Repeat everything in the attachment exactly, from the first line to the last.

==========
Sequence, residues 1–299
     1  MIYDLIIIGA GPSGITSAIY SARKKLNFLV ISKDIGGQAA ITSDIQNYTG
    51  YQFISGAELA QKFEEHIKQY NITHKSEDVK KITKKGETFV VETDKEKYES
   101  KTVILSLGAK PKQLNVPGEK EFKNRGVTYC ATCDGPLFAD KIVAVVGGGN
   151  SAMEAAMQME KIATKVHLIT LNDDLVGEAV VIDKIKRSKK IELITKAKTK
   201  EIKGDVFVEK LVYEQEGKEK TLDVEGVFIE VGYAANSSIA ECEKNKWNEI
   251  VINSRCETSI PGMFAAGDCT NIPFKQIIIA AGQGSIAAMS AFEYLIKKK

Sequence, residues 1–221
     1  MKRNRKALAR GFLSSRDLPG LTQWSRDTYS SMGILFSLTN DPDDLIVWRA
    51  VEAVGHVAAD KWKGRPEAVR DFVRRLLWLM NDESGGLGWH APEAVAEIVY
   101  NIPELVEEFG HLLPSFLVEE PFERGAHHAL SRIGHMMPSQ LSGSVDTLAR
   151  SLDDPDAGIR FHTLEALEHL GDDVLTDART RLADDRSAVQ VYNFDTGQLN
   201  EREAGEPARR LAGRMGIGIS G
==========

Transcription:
Sequence, residues 1–299
     1  MIYDLIIIGA GPSGITSAIY SARKKLNFLV ISKDIGGQAA ITSDIQNYTG
    51  YQFISGAELA QKFEEHIKQY NITHKSEDVK KITKKGETFV VETDKEKYES
   101  KTVILSLGAK PKQLNVPGEK EFKNRGVTYC ATCDGPLFAD KIVAVVGGGN
   151  SAMEAAMQME KIATKVHLIT LNDDLVGEAV VIDKIKRSKK IELITKAKTK
   201  EIKGDVFVEK LVYEQEGKEK TLDVEGVFIE VGYAANSSIA ECEKNKWNEI
   251  VINSRCETSI PGMFAAGDCT NIPFKQIIIA AGQGSIAAMS AFEYLIKKK

Sequence, residues 1–221
     1  MKRNRKALAR GFLSSRDLPG LTQWSRDTYS SMGILFSLTN DPDDLIVWRA
    51  VEAVGHVAAD KWKGRPEAVR DFVRRLLWLM NDESGGLGWH APEAVAEIVY
   101  NIPELVEEFG HLLPSFLVEE PFERGAHHAL SRIGHMMPSQ LSGSVDTLAR
   151  SLDDPDAGIR FHTLEALEHL GDDVLTDART RLADDRSAVQ VYNFDTGQLN
   201  EREAGEPARR LAGRMGIGIS G